A patient with an isolated rib fracture or a
minor costochondral separation usually has a
history of falling on the side of the chest, being struck by a blunt object, coughing violently or leaning over a rigid edge.
The initial chest pain may subside, but over the
next few hours or days pain
increases with movement, interfering with sleep and activity and
becoming severe with coughing or deep inspiration.
The patient is often worried about having a broken
rib, and may have a sensation of bony crepitus or abnormal rib movement. Breath sounds bilaterally should be normal unless
there is substantial splinting or a pneumothorax
or hemothorax is present. There is point
tenderness over the site of the injury and
occasionally bony crepitance can be felt.
What to do:
Examine the patient for possible associated
injuries; e.g., do an abdominal exam to look for
any signs of a splenic or hepatic injury. If there was a significan mechanism of injury, the patietn may require a comprenhensive evaluation to rule out life and limb threatening injuries.
When there is a history of minor trauma, check for pain with indirect stress on the
suspected fracture site. Compress the rib
medially if a posterior or anterior fracture is
suspected. Compress the rib
anteriorly/posteriorly if a fracture is
suspected at a lateral location. When pain
occurs at the suspected fracture site with
indirect stress, this is clinical evidence of a
fracture or separation and should be so
documented on the chart.
Obtain any history of chronic pulmonary problems
or heavy smoking.
Unless the patient is elderly or has pulmonary
disease, have him try out a rib belt during his
wait for x rays.
Send the patient for a PA & lateral chest x ray
to rule out a pneumothorax, hemothorax, evidence
of pulmonary contusion, etc. Additional oblique rib films
for radiological documentation of a fracture are
optional and often unproductive, but these films are indicated when there is a suspicion of multiple rib fractures, especially in the elderly.
If there is no suspicion of underlying injury and when there is clinical or radiologic evidence of a rib fracture or chondral separation:
Provide a potent oral analgesic (Motrin, Aleve,
Tylenol with codeine, Lorcet, Percocet).
Instruct the patient on the intermittent use
of an elastic and velcro rib belt if it reduces
pain. Place the top of the belt at the inferior tip of the xyphoid process, tightening it around the chest enough to obtain maximum pain relief. the fib belt may be left on almost continuously for the first one to four days but it should be removed as comfort allows thereafter.
Instruct the patient on the importance of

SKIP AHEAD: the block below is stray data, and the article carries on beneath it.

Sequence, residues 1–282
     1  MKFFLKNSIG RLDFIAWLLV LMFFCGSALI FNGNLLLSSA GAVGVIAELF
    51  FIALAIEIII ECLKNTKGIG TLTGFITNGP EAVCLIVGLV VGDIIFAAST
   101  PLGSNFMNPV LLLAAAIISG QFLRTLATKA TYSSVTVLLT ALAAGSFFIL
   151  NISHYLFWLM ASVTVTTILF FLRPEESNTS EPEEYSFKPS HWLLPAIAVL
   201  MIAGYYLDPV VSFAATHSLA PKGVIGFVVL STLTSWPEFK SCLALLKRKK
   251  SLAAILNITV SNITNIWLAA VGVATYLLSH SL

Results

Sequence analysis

deep breathing and coughing (without the rib belt but using a pillow
splint) to help prevent pneumonia. Tell him to
take enough pain medicine to allow coughing and
Provide the patient with an appropriate work
excuse and refer him for followup care in 48 hours. Tell him
to expect gradually decreasing discomfort for
about two weeks, and forbid strenuous activity
for approximately eight weeks.
Severe worsening of chest pain, shortness of breath, fever or purulent sputum may signal pulmonary complications and should prompt a return visit. A greater incidence of complications can be expected in patients with displaced rib fractures.
When patients are elderly or have pulmonary or cardiac compromise, or multiple fractures or other injuries which might compromise respiratory dynamics, consider hospitalization for observation, pain control and pulmonary toilet. Blood gases and pulmonary function tests can aid in evaluation of breathing.
When there is no clinical or radiologic evidence of a fracture, treat the pain as you would any other contusion, using an appropriate analgesic.
What not to do:
Do not confuse simple rib fractures with massive
blunt trauma to the chest. The evaluation and
management is quite different.
Do not tape ribs or use continuous strapping. This will lead to
an atelectatic lung prone to pneumonia.
Do not assume there is no fracture just because
the x rays are negative. Rib fractures are often
not apparent on x ray, especially when they
occur in the cartilagenous portion of the rib.
The patient deserves the disability period and
analgesics commensurate with the real injury.
Most fractures and separations are treated with
immobilization, but ribs are a special problem
because patients have to continue breathing. In
the presence of severe pain one should consider
the use of an intercostal nerve block or injection
of the fracture hematoma with 0.5% bupivacaine
hydrochloride (Marcaine). Because of the risks of
pneumothorax or hemothorax, this procedure, in
most cases, should be reserved for secondary
management when initial treatment has proven
Quick G: A randomized clinical trial of rib belts for simple fractures. Am J Emerg Med 1990;8:277-281.
Lazcano A, Dougherty J, Kruger M: Use of rib belts in acute rib fractures Am J Emerg Med 1989;7:97-100.